vision in slumber
lightens the sombre
shadows of the night,
rise ghosts of the gone
and lovely day
when love came our way
and led us on.
If flowers grew in the sky,
and I were seven,
I think I'd like to die,
and walk in Heaven.
For man, until he sighs
for love of woman,
is denizen of skies
and nothing human.
But since I'm prisoned, shut,
I'd rather bed the slut
The night we lay together
upon a moonlit hill,
the boisterous god of weather
was reverently still.
The little breeze that nightly
guards lovers' hearts till dawn
seems sometimes, most politely,
to hide a gentle yawn.
But now that love lies bleeding,
soon gloriously to die,
the winds, with perfect breeding,
most exquisitely sigh.
There is grave beauty here
in this orchard-valley
where no storms sully
the rich purple gloom where the lilies are.
And there is quietness here
now, as of old,
where great trees fold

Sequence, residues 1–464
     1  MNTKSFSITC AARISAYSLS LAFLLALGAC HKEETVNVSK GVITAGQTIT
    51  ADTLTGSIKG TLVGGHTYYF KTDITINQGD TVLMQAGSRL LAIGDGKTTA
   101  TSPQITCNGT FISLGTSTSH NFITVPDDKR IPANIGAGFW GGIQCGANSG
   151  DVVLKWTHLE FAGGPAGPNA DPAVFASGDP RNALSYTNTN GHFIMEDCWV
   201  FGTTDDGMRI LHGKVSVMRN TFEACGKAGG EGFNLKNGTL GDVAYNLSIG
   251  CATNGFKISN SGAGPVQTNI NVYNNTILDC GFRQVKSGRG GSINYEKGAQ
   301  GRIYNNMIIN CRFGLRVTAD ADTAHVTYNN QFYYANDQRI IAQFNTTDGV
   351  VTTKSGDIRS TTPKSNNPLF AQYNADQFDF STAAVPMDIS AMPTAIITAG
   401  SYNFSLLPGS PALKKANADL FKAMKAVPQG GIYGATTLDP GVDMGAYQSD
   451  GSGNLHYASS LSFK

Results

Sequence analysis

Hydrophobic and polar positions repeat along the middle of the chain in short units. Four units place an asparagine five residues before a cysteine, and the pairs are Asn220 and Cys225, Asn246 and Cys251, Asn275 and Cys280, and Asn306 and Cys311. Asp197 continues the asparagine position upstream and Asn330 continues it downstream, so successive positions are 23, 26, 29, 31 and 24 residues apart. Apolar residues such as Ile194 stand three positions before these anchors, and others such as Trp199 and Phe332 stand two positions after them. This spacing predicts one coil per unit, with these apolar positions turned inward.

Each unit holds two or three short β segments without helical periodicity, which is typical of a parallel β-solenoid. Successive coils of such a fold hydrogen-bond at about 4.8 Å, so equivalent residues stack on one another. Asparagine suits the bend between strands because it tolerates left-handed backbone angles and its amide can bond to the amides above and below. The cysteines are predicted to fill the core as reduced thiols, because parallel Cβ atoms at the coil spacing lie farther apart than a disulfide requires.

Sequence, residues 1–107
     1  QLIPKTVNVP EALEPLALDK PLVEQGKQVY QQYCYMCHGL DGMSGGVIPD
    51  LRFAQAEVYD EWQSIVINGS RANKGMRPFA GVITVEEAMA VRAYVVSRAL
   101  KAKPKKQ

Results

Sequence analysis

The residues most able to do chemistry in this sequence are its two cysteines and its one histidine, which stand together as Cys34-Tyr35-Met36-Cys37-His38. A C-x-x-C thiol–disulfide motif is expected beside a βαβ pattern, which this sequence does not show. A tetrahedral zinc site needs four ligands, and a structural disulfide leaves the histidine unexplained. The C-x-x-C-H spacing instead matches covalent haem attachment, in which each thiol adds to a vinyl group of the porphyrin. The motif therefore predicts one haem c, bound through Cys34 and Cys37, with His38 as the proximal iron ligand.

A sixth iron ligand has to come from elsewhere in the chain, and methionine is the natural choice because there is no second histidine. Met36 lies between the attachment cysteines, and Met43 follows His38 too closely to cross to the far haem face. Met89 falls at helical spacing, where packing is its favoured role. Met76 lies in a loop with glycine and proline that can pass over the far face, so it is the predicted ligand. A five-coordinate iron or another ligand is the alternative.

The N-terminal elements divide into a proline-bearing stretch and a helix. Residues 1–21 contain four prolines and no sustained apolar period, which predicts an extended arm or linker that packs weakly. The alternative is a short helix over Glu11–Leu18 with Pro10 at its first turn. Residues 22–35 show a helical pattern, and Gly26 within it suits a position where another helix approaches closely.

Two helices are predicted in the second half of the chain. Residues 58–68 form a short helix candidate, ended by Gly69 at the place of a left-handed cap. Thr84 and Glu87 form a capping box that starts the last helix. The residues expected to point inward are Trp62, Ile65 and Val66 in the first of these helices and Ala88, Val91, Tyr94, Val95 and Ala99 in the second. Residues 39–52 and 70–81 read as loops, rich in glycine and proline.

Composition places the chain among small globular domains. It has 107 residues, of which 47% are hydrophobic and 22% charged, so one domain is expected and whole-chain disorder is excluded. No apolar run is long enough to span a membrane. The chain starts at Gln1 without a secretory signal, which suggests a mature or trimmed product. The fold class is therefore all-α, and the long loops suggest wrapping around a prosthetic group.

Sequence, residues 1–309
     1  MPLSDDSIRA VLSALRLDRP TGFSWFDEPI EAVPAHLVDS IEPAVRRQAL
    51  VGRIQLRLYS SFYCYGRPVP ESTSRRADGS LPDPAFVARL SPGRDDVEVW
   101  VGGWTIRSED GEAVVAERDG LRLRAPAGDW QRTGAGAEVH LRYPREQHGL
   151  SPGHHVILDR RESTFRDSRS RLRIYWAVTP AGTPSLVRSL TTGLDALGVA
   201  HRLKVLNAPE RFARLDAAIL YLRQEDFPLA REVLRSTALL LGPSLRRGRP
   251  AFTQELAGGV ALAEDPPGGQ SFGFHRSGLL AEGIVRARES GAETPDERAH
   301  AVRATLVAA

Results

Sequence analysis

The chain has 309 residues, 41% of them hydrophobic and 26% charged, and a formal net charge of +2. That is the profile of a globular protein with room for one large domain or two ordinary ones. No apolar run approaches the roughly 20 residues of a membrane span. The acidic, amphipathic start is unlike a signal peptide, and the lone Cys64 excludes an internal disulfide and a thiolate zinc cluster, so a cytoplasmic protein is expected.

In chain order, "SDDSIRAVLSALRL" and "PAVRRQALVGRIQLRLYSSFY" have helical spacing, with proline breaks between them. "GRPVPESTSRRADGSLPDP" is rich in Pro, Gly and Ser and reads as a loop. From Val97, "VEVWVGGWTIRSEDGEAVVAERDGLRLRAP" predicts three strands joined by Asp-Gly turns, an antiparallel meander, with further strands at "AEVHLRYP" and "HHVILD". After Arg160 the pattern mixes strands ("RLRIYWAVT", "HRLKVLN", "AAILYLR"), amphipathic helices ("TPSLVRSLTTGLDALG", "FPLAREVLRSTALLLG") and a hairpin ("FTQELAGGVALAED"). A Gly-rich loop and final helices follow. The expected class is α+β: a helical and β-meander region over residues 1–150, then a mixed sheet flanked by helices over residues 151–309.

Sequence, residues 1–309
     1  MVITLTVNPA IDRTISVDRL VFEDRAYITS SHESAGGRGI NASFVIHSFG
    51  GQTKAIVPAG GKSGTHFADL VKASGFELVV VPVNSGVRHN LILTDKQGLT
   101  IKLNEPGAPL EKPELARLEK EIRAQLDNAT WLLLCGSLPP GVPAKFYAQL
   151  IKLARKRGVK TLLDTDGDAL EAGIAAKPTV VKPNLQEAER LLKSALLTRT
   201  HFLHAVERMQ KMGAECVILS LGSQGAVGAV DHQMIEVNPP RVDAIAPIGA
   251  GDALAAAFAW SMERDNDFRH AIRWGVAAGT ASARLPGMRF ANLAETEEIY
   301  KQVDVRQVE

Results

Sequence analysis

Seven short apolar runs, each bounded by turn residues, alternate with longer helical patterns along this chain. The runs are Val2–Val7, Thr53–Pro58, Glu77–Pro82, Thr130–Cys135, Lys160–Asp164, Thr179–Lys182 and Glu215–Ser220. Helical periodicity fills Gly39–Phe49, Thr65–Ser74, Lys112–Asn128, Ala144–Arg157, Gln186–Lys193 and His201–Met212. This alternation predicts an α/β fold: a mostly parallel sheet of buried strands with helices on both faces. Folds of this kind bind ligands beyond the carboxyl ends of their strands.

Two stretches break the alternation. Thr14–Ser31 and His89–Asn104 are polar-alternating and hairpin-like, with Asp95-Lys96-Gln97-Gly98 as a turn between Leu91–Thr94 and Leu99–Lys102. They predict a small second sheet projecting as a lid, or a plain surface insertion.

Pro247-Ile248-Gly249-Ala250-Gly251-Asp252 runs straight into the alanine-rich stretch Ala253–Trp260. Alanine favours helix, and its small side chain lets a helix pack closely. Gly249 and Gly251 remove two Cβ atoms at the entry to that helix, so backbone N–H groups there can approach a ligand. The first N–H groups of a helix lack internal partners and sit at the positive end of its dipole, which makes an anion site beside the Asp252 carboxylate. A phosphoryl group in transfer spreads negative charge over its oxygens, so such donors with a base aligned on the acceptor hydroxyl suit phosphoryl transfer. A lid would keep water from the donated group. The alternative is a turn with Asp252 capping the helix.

their dark limbs round the coolness of the air.
The pearls of the sky still gleam
through the branches of the trees,
and the little wandering breeze
that ruffles the feathers of the grass is still the same.
Yet there is loneliness
more stark than I have known
as I stray alone
through the dim grass…
O blue-grey dusk, where have you hidden my lover?
—she who would steal softly to this place
unbidden, in other days,
and lie in my arms in the haven of the clover.
Now there is left to me nothing
but frail lilies of evening, and her face
is only a shadow in the gloom of this place,
and a memory of her bosom pressed against mine, soft-breathing.
On the hill the night is cool and sweet;
the grass is soft as a woman's hair;
but I hear no more, no more the beat
of wings through the silver air.
We stood by the bridge. The willow-tree
trailed listless fingers in the brook.
The moonlight curdled. Nothing to me
her tears, and her faery look.
Strange how sluggish and stale my blood
now: but the end of the meteor's flash
is a cold stone stuck in the earth's dank mud:
and the end of the fire is ash.
On the hill the night is sweet and cool
and the grass is soft as a woman's breast.
Well, it's little to reck if a man's a fool,
he still may take his rest.
I may not love you: love's cool arms
are made for cowards who in fear
cry for a haven: I have charms
other than this against despair.